FishAbility brochure cover: FishAbility, Fishing for a Lifetime; part of Maine AgrAbility. FishAbility supports fishermen and women who experience barriers to employment such as aging, injury or chronic illness.
Download the FishAbility Brochure (PDF).

FishAbility supports fishermen, lobstermen, oyster farmers, people working in aquaculture, and family members of fishing businesses who experience barriers to employment such as aging, injury, or chronic illness.

What is Maine FishAbility?

FishAbility’s mission as part of the Maine AgrAbility Program is to work with fishermen whose productivity has been impacted by chronic illness or injury. We offer resources, information, and practical solutions to help fishermen work safely and productively.

Practical Ideas and Suggestions for Fishermen

While working in the fishing industry, there are common tasks, that may be repetitive and strenuous, and may lead to aches and pain at the end of the day or season. On the Maine AgrAbility Blog page we will be sharing images of these work tasks and positions, and offering suggestions for strength and conditioning will be shared, specifically for fishermen to encourage better health to minimize injury and pain, and avoid reduced productivity. These exercises and stretches are intended to be done using gear that is readily available on the boat or dooryard and performed easily while in the wheelhouse or on the deck. The collection of stretches will be featured in a downloadable poster coming soon.


  • My Other Boat is a Truck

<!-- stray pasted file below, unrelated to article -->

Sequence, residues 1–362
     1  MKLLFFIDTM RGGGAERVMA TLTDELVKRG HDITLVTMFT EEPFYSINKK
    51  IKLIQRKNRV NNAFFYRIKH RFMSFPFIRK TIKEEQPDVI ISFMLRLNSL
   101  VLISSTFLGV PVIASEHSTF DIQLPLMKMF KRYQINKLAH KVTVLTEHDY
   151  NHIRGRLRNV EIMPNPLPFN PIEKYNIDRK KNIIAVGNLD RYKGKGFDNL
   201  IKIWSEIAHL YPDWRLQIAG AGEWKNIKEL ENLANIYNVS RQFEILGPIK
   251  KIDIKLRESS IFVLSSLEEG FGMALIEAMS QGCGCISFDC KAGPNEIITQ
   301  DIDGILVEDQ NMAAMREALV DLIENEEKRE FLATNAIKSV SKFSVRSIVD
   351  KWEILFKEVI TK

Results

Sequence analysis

Be kind to your spine and be sure to unwind after a day in reverse.
  • Unhook Your Crook
    Take two minutes after you put the boat on the hook to do a couple of side bends that can help release some of the tension from the day.
  • Try This to Unwind
    Relieve pain in your neck, shoulders, and back with this easy post-fishing stretch.
  • Watch Your Mooves: The Cow Pose
    Whether you’re a lobsterman, groundfish fisherman, or oyster farmer – tugging and pulling on traps, nets, and cages is a big part of your day.
  • This is Awkward: The Cat Pose
    Fishermen and aquaculture harvesters spend a lot of time bending, pulling, tugging, and straining, and those movements should be balanced with opportunities for recovery. Taking even just a few minutes to focus on your breathing or stretch your back can help alleviate discomfort and even fend off injury.
  • Bending At the Waist: The Warrior Pose
    Whether you’re pulling lobster traps or oysters cages, or hunched over shucking scallops, your low back probably takes a beating. Fishermen have an intuitive understanding of ergonomics but perhaps don’t stretch and strengthen specific muscles as often as they should in order to prevent and alleviate low back pain.
  • Bending and Mending: The Downward Dogfish
    Whether you are building a trap, mending a net, or heaving an oyster cage, you may find yourself hunched over or in an awkward position in order to complete a task. It’s important to be mindful of how you are working, but it’s also good to consider taking time to stretch and readjust to protect your body.
  • Dynamic Stretching: Let’s Do the Twist
    Getting ready for a day on the boat? Movements that stretch the body can help you get on the boat tomorrow, too.